Wow, what an answer! First of all, thanks so much for taking the time to write this out.

I think, as of now, my opinion is this. When I was simply on cymbalta I basically felt as if it was a life or death situation so far in 2018. I developed severe OCD due to life changes I believe, and everyday was very hard to live. I was on Zoloft for 10 years before, and felt great. It was only due to body issues and my mother getting involved as I was still under 18, that I got switched to cymbalta without me really caring as I was feeling fine anyways and just listened to the "adults". Well, as I've grown up a good bit now I've obviously learned what works for me, I've taken control of that and decided to get back to a medicine that worked with me. So, I think, since the risk of serotonin syndrome seems pretty low, I will slow up this taper a bit. I was thinking of taking 20mg for only 6 days then stopping because of my worry of serotonin syndrome, but I'll actually go back to what my doc recommended. I'll take that for a week - or longer - then take it every other day for a while.

And I'll play it by ear, but my doc says that taking Zoloft as I'm coming off should help, so I'll listen to him on that one especially since I did well on that before with no side effects coming on or off.  And also he sees over 1300 patients and I just switched to him as he is one of the most regarded psychiatrists in my area, and he says he's only had 2 or so cases of serotonin syndrome. And my previous psychiatrist said he had never seen one case in his 40 years of practice. So I will take solace in that, and slow up a bit.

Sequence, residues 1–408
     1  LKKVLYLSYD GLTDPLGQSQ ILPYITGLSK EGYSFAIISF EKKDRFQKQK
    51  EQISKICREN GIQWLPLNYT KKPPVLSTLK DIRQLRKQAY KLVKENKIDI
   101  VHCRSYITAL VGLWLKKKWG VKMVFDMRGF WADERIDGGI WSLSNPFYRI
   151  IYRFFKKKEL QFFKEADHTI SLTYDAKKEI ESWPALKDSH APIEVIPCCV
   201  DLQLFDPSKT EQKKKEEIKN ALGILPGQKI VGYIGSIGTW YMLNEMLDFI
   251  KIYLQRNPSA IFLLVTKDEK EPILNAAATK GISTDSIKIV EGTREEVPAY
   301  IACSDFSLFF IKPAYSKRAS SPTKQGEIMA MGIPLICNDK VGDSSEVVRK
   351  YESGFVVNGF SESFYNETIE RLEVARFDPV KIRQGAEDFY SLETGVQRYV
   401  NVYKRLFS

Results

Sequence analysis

And if I run into more severe problems I will modify a bit and go back to what you said.

Thanks again.
Have an Answer?

You are reading content posted in the Anxiety Community

Top Anxiety Answerers
Avatar universal
Arlington, VA
370181 tn?1595629445
Arlington, WA
Learn About Top Answerers
Didn't find the answer you were looking for?
Ask a question
Popular Resources
Find out what can trigger a panic attack – and what to do if you have one.
A guide to 10 common phobias.
Take control of tension today.
These simple pick-me-ups squash stress.
Don’t let the winter chill send your smile into deep hibernation. Try these 10 mood-boosting tips to get your happy back
Want to wake up rested and refreshed?